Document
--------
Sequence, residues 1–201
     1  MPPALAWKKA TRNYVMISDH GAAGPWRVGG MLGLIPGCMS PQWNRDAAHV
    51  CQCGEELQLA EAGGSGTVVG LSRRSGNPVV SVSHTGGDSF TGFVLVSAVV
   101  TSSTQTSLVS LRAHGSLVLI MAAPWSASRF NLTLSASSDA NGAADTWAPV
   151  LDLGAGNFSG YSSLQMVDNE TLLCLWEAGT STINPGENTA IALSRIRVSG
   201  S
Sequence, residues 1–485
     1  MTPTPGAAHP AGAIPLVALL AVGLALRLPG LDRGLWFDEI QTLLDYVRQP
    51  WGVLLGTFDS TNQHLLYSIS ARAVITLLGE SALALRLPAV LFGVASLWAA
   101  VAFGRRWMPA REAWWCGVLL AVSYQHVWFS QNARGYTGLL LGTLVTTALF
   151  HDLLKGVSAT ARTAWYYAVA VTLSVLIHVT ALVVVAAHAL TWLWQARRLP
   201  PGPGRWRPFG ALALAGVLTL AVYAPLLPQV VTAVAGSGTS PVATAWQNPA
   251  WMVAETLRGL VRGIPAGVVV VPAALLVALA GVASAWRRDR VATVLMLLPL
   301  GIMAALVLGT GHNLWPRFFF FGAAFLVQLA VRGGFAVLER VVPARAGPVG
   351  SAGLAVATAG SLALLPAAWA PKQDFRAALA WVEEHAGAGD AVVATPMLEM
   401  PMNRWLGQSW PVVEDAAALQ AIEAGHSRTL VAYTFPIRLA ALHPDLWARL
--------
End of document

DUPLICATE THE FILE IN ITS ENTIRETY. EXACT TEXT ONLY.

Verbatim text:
Sequence, residues 1–201
     1  MPPALAWKKA TRNYVMISDH GAAGPWRVGG MLGLIPGCMS PQWNRDAAHV
    51  CQCGEELQLA EAGGSGTVVG LSRRSGNPVV SVSHTGGDSF TGFVLVSAVV
   101  TSSTQTSLVS LRAHGSLVLI MAAPWSASRF NLTLSASSDA NGAADTWAPV
   151  LDLGAGNFSG YSSLQMVDNE TLLCLWEAGT STINPGENTA IALSRIRVSG
   201  S
Sequence, residues 1–485
     1  MTPTPGAAHP AGAIPLVALL AVGLALRLPG LDRGLWFDEI QTLLDYVRQP
    51  WGVLLGTFDS TNQHLLYSIS ARAVITLLGE SALALRLPAV LFGVASLWAA
   101  VAFGRRWMPA REAWWCGVLL AVSYQHVWFS QNARGYTGLL LGTLVTTALF
   151  HDLLKGVSAT ARTAWYYAVA VTLSVLIHVT ALVVVAAHAL TWLWQARRLP
   201  PGPGRWRPFG ALALAGVLTL AVYAPLLPQV VTAVAGSGTS PVATAWQNPA
   251  WMVAETLRGL VRGIPAGVVV VPAALLVALA GVASAWRRDR VATVLMLLPL
   301  GIMAALVLGT GHNLWPRFFF FGAAFLVQLA VRGGFAVLER VVPARAGPVG
   351  SAGLAVATAG SLALLPAAWA PKQDFRAALA WVEEHAGAGD AVVATPMLEM
   401  PMNRWLGQSW PVVEDAAALQ AIEAGHSRTL VAYTFPIRLA ALHPDLWARL